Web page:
Ep. 4 Terry Dry
[00:00:04] Terry Dry: Welcome to the Vertical Go-To-Market podcast, where you'll discover new opportunities to grow your business from seven figures to eight, from the world's most successful B2B SaaS and agency owners and executives.
[00:00:16] Corey Quinn: I'm your host, Corey Quinn. Today I'm joined by Terry Dry. Welcome Terry.
[00:00:21] Terry Dry: Thanks. I'm glad to be here. Thanks, Cory.
[00:00:24] Corey Quinn: I'm excited that you're here as well. You have such a, a wealth of experience and knowledge when it comes to agency growth, business growth. I can't wait, to have our conversation. I know our listeners are in for a treat today. Would you just introduce yourself for the listeners, for those of us who may not be familiar with your background.
[00:00:41] Terry Dry: Sure. Yeah. I'm Terry Dry. I guess I would always say I'm like a serial entrepreneur and kind of a consumer engagement specialist. I. Started my career in the music business. I then turned on to having my own, agency. We were one of the first in social media marketing. Then from there I led a digital agency, and then from there I ran [00:01:00] a SAS business, have had some successful exits, and now I'm spending most of my time advising mid-market and emerging companies now, essentially trying to provide what I wish I had had years ago with my agency.
[00:01:12] Corey Quinn: That's awesome. I want to hear more about the advisory work, but
[00:01:16] Terry Dry: Could you share with us some of the experiences you've had with a vertical approach to growing these business?
[00:01:21] Yeah. I'll start with the, the vertical approach that we took in the very first agency I started, which was. Essentially an online marketing company, and this is about 20 years ago, and I, this was my first entrepreneurial journey. So you have to figure, I'm late in my late twenties, which is the classic, right?
[00:01:36] You think you know everything, but the truth is you don't know anything but you think you know stuff. I quit my cushy record business job, which was going great, and we started our own essentially online marketing agency, specifically tied to music. So I would tell. We weren't so smart to go, oh, we're taking a vertical B2B approach.
[00:01:53] We were just going, who's gonna pay us to do what we do? And then we kind of figured out, oh wait, this is [00:02:00] our vertical. Which our vertical was, we came outta the music business. We knew music, music. This is like the year 2000, 2001. 2002 was li you know, essentially one of the first industries to get totally upended by digital.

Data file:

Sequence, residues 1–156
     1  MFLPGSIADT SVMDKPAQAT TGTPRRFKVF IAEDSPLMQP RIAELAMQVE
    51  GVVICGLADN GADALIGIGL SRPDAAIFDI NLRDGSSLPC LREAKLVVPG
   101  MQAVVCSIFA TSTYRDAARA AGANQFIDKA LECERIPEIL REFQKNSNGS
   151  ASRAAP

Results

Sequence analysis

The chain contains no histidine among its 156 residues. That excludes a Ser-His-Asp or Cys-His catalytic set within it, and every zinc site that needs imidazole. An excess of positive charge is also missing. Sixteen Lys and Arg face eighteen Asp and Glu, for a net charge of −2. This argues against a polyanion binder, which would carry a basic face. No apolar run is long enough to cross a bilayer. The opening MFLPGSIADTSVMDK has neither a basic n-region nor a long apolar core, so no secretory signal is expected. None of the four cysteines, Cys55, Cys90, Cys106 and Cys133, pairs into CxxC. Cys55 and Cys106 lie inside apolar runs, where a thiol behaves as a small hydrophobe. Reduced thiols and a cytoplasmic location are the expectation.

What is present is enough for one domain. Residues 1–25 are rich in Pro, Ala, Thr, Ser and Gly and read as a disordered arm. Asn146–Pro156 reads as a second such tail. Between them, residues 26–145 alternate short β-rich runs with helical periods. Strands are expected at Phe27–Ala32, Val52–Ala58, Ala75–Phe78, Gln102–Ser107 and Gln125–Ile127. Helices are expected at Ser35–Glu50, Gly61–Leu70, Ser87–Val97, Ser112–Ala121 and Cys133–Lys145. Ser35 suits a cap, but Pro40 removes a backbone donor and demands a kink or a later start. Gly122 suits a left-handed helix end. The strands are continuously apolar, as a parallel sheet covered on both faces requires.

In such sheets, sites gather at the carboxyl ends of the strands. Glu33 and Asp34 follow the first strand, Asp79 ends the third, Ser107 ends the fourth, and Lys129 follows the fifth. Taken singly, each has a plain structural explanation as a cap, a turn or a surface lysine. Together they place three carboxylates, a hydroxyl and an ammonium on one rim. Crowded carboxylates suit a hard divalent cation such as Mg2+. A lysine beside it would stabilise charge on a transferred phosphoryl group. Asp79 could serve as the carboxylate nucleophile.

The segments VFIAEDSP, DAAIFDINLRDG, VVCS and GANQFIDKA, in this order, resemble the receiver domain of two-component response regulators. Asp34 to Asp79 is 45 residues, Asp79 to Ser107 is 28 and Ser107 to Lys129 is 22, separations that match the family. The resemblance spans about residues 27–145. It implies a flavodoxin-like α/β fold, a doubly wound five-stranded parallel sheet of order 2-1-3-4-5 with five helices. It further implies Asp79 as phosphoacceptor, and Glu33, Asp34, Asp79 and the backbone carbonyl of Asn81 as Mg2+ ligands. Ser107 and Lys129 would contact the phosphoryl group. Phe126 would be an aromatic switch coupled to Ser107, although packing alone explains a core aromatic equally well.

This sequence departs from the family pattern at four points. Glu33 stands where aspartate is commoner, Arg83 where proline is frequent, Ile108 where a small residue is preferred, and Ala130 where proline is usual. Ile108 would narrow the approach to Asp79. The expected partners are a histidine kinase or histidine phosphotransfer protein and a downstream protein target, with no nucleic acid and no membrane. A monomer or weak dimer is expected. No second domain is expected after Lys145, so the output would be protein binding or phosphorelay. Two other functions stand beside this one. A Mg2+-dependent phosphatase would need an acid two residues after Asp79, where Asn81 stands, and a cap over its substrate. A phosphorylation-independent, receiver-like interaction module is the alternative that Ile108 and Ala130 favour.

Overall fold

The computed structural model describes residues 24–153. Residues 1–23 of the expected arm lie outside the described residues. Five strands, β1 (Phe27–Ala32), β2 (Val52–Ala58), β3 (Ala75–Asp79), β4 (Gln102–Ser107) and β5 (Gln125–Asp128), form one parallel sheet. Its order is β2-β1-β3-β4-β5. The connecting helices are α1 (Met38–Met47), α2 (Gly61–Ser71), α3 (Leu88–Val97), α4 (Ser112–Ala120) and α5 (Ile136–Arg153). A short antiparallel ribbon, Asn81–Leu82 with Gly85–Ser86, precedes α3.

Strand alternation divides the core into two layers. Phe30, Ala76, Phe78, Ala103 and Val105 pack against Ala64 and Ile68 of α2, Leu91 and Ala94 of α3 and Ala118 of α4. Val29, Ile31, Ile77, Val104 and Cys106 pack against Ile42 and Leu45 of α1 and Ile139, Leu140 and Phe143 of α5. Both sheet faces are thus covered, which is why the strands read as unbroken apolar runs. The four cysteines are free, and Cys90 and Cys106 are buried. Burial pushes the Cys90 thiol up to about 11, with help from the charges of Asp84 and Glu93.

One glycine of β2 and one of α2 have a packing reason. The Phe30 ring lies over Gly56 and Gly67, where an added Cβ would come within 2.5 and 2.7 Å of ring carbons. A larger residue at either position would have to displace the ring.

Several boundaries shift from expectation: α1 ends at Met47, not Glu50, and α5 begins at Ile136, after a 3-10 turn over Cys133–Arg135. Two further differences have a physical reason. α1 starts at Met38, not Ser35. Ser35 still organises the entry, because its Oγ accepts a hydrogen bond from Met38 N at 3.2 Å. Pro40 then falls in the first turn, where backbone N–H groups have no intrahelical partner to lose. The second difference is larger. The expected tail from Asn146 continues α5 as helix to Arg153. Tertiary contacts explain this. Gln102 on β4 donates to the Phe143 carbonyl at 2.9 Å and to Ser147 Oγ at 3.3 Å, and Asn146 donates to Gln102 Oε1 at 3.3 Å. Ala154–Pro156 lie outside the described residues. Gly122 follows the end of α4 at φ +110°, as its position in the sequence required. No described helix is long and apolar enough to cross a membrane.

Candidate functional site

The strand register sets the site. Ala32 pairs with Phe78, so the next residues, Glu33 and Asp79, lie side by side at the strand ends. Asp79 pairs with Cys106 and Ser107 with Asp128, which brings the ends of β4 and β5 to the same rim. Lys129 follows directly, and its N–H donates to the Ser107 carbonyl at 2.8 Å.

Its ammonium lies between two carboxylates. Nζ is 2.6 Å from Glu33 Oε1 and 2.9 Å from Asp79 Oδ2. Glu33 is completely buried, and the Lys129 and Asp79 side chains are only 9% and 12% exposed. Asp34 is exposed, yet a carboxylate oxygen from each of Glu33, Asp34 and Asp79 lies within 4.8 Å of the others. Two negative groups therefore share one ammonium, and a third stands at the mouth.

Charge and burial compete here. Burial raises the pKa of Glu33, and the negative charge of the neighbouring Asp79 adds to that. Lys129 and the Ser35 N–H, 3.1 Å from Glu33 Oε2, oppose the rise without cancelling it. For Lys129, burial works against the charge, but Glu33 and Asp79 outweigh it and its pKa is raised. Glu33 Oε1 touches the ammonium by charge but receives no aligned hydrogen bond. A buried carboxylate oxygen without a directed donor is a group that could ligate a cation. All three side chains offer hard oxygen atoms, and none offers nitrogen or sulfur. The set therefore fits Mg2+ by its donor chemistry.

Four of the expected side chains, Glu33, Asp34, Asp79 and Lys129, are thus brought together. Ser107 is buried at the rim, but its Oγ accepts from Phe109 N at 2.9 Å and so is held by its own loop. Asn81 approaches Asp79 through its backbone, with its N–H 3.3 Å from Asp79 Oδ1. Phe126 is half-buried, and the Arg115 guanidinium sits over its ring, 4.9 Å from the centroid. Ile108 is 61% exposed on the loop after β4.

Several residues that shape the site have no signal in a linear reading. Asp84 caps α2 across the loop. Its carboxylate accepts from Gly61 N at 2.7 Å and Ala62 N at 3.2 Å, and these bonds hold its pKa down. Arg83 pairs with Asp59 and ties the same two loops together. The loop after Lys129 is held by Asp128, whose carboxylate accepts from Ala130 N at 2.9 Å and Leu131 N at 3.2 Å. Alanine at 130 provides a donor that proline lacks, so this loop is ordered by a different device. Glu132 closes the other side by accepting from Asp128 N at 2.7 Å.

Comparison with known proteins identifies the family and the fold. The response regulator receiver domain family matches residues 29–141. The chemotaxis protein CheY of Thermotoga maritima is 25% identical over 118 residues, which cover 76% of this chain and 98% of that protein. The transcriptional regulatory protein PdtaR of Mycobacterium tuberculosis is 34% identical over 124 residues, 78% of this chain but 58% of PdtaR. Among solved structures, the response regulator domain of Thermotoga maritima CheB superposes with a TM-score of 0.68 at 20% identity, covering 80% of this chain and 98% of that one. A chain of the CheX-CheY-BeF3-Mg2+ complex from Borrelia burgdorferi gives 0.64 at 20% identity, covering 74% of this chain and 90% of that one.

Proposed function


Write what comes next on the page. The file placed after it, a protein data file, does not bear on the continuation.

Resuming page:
[00:02:14] And we, yeah, we knew we were in the right place at the right time. And so we. We are experts at what was then called online marketing, you know, for music. And our B2B focus was record labels are going to hire us to do the online marketing for their bands, period. And that was what it was. And we were very fortunate that we just built and built to one record label and another record label, and that was our B2B vertical approach.
[00:02:40] We were experts in music and we knew exactly who our clients. And that was how we built for the first few years and our happy accident was that then evolved into becoming a social media marketing agency, which we then grew and grew from there.
[00:02:55] Corey Quinn: Was that Fanscape.
[00:02:56] Terry Dry: That was Fanscape.
[00:02:57] Corey Quinn: That's awesome. And you ended up selling Fanscape to [00:03:00] Omnicom?
[00:03:00] Terry Dry: we sure did. Yeah. So we grew and then it diversified, right? So we talk about you have that vertical approach and that vertical. Got you somewhere. And I always use the phrase, what got you here won't get you there. So we kind of grew and grew to the point where then the record labels woke up and they're like, wow, what they're doing is pretty valuable now.
[00:03:19] Now, fast forward 2005, 2006, MySpace, we actually helped launch MySpace. That's how old and dated I am, Corey. But we, you know, all these things happen and then if you're us, you're like, we better diversify. So then we looked at the vertical of entertainment. So we're like, not just music, let's do enter. And that's how we took our next sort of B2B vertical approach.
[00:03:41] And then it grew from there into corporate and we kept pivoting and evolving and looking at what the verticals could be, and that's what helped us grow and grow. And eventually, have an, an exit to Omnicom as where they really needed a social media agency and we fit the bill.
[00:03:58] Corey Quinn: That's awesome.